Ahhh, the reward of getting rid all the clutter (physical, emotional, mental, and financial), and forging on with your true life. Becoming a minimalist should not be an end unto itself, but rather a propelling system that will help you blast away the things that are weighing you down, so you can be free to pursue your life dreams. How many of us (I know I’ve been there!) have wanted to travel, see the world, go to school, move to a new city, take a sabbatical, write a book, etc.) but couldn’t do it because we were so bogged down in debt that we could see no way to follow those dreams? After letting go and minimizing, now is the time to DO what you’ve always wanted to do. No debt and a minimal set of possessions can be a powerful motivator to just go out there and live your dream life. It will take hard work and determination to get to this point, but you will know when it’s time. You will know when you’re ready. This step will also be different for everybody. Some will quit their jobs and hop on a plane and see the world. Some will start their own businesses and enjoy the entepreneur life. Some will keep their jobs and finally have the time and resources to delve into their favorite hobbies. And some will get involved in their neighborhoods as volunteers or community leaders. Again, the beauty of minimalism is that it allows all these wonderfully different human beings to flourish and give meaning to their lives.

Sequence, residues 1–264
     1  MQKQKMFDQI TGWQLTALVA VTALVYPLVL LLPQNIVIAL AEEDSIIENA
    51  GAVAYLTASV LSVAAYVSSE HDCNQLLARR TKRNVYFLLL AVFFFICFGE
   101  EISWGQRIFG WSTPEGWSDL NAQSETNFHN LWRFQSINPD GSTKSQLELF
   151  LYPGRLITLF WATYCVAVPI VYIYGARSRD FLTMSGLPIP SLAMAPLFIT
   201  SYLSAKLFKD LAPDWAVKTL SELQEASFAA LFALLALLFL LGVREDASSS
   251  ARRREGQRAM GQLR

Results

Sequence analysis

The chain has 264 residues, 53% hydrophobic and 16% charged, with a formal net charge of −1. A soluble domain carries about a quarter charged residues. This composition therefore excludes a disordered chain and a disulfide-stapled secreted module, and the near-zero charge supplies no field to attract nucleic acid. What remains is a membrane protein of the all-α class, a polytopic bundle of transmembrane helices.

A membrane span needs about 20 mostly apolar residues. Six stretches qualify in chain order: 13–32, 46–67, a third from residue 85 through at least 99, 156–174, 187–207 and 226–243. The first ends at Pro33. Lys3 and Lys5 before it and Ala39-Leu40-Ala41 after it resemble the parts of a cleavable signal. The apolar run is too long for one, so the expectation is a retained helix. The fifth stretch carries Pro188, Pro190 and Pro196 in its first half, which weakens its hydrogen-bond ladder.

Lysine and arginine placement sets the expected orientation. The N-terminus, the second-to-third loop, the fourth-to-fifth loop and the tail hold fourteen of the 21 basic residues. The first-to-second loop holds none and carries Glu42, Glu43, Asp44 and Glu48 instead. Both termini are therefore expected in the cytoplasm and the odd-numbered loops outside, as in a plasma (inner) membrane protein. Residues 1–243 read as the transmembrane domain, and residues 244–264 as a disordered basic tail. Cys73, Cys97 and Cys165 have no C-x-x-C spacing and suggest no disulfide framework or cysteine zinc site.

And where am I in this process, you might ask? I’m firmly in Step 2, but quickly making my way to Step 3. I’ve only been a proper minimalist for a few months, and every day, I’m learning something new. The flood of useless trinkets flowing into my life has finally stopped, and the purging is still in full effect. This is a process, and I’m thoroughly enjoying the challenge.